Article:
Oscar Wilde rose to literary fame in the late 19th century by shining a light on the trivialities of Victorian life and the complexities of aestheticism. “The Importance of Being Earnest” helped catapult those topics to the forefront of social discussion and has since been one of Wilde’s most popular plays.
Wilde built his story around about the dual lives of best friends Algernon Moncrieff (played by Lance Beilstein in the Theatre Charlotte version) and John Worthing (Jon Ecklund). This show asks many questions: Can you be best friends with an impostor? Does true love exist? Do either of the former questions matter if you have naive lovers who obsess over food, diaries and money?
Director Tonya Bludsworth hits the mark with her cast selections, as there’s nary a weak link in the bunch. Beilstein’s Algernon, affectionately known as Algy, displays the perfect pinch of persnicketiness to make the character shine. Algy is a homophone to the waterborne plant residue that lacks stems, roots, and leaves. Similarly, Algernon is a shallow, bourgeois bloke deficient in the ability to think seriously about most things. He does, however, evoke the first laugh of the evening with his heavy appetite for cucumber sandwiches and his disdain for his meddling aunt, Lady Bracknell (Jill Bloede).
Bloede, who did double duty as the play’s dialogue coach, fully embraces the snobbish British accent and the haughtiness of an overbearing mother. She shoots disapproving glances at John, who attracts her lovestruck daughter Gwendolen (portrayed notably by Gretchen McGinty), and effortlessly delivers snippy jabs while wearing posh curtain-esque attire.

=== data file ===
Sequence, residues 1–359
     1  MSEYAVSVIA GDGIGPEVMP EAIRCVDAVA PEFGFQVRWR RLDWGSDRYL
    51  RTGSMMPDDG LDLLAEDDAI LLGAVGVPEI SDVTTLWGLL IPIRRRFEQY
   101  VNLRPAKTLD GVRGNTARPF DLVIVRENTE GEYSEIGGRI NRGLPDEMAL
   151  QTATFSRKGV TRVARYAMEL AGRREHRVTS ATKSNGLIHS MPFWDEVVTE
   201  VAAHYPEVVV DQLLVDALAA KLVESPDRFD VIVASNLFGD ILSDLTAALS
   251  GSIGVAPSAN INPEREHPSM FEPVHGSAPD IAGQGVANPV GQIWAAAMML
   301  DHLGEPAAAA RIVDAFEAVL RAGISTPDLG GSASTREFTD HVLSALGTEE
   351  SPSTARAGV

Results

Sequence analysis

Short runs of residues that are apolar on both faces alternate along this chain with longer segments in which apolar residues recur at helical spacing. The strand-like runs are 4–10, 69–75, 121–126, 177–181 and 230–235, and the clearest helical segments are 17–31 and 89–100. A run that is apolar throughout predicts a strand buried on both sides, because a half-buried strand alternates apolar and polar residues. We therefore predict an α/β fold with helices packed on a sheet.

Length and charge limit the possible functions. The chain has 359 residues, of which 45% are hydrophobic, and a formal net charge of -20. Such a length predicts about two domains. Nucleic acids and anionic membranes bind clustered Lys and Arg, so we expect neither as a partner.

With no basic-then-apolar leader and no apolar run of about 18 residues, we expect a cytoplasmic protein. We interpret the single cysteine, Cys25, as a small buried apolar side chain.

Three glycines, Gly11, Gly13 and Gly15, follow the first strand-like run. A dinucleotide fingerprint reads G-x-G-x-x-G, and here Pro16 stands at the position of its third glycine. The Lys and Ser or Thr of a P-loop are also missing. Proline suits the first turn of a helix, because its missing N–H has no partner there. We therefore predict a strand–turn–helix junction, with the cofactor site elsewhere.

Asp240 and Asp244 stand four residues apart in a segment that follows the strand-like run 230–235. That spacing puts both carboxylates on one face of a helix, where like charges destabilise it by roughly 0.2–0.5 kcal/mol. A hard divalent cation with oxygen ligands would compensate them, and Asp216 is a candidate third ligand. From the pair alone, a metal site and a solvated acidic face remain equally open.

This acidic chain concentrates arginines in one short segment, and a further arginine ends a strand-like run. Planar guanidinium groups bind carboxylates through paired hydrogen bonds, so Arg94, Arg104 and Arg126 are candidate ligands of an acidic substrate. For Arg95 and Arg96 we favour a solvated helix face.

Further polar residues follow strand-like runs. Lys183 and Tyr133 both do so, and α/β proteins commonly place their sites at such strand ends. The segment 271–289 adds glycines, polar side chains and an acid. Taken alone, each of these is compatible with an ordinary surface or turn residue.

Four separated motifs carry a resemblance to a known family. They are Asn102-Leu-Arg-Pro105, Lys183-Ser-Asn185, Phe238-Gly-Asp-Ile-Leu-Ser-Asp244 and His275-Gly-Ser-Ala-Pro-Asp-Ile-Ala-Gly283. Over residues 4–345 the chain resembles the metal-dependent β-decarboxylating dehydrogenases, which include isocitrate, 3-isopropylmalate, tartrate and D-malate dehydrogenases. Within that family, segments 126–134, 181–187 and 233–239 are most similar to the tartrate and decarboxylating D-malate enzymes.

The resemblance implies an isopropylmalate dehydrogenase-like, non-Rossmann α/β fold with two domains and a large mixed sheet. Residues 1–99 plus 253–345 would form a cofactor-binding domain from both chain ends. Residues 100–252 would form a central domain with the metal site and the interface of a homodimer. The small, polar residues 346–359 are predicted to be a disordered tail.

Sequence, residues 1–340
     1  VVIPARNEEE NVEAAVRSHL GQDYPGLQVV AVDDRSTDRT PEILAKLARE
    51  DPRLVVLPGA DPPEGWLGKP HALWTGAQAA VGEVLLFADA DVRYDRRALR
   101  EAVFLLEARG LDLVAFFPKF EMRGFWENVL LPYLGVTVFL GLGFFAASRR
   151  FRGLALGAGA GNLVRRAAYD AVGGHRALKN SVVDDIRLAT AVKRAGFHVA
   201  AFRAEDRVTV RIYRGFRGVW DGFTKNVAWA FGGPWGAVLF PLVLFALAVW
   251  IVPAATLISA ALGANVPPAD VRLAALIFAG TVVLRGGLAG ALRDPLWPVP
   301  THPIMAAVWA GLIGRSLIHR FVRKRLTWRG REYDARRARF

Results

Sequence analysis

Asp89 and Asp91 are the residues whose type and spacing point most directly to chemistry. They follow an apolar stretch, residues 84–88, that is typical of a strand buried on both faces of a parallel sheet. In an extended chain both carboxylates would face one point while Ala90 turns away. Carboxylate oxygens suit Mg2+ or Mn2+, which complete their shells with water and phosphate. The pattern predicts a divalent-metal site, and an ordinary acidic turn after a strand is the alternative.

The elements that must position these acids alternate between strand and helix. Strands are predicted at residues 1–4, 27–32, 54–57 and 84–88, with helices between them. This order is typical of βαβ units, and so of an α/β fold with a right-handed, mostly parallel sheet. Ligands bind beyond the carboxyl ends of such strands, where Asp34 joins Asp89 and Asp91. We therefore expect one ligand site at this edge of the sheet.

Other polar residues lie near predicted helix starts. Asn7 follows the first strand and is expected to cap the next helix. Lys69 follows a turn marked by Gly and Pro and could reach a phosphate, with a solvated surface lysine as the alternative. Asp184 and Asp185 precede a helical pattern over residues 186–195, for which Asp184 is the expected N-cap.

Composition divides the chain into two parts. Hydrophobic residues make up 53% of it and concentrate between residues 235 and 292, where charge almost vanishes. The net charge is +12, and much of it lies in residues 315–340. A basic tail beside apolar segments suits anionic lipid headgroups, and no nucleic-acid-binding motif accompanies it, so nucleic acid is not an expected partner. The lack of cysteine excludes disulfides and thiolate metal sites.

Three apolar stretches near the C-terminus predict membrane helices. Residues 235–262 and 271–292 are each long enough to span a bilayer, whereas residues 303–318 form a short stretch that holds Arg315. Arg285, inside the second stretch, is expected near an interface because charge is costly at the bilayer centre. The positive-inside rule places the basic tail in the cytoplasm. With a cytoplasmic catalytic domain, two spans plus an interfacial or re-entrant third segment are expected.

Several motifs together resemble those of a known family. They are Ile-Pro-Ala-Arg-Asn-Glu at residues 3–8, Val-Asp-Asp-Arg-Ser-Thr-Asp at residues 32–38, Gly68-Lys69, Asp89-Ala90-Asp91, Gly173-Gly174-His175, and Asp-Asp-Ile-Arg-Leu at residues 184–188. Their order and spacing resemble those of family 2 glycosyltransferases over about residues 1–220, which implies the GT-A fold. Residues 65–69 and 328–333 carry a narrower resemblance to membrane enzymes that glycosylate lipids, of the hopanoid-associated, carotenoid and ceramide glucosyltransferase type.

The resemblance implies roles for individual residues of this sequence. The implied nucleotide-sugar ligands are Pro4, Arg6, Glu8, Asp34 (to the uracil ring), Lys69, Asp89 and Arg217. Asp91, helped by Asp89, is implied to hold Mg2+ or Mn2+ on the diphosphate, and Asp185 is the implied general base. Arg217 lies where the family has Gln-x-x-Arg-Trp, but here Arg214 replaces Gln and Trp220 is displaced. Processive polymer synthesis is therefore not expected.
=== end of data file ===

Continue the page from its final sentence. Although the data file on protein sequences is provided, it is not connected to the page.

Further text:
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Costume designer Chelsea Retalic seemed to pay special attention to the mother’s and daughter’s wardrobes, draping heavy colorful fabrics about them. Set designer Joshua Webb’s simple digs didn’t scream “Victorian” with a beige settee, sheer white drapes, and wooden wing-back chairs, but they did whisper “charming.”
Ecklund is believable as John, who highlights the craftiness required to lead a double life. During his travels to London, he assumes the name Ernest. But he has convinced his family back in the country – mainly his 18-year-old ward, Cecily Cardew (Emily Klingman), and her governess, Miss Prism (Stephanie DiPaolo) – that Ernest is in fact John’s needy traveling brother, whom they’ve never met.
This trivial comedy for serious people pokes fun at everything from lust and marriage to the aristocracy to one’s desire for muffins over cake. (Algernon vehemently affirms he hates people who aren’t serious about meals.) The three-act performance is rich in paradoxical satire, much different from Wilde’s serious “Salome” and “The Picture of Dorian Gray.” “The Importance of Being Earnest” is a flippant yet funny farce that allows one to giggle at the nonsensical side of life.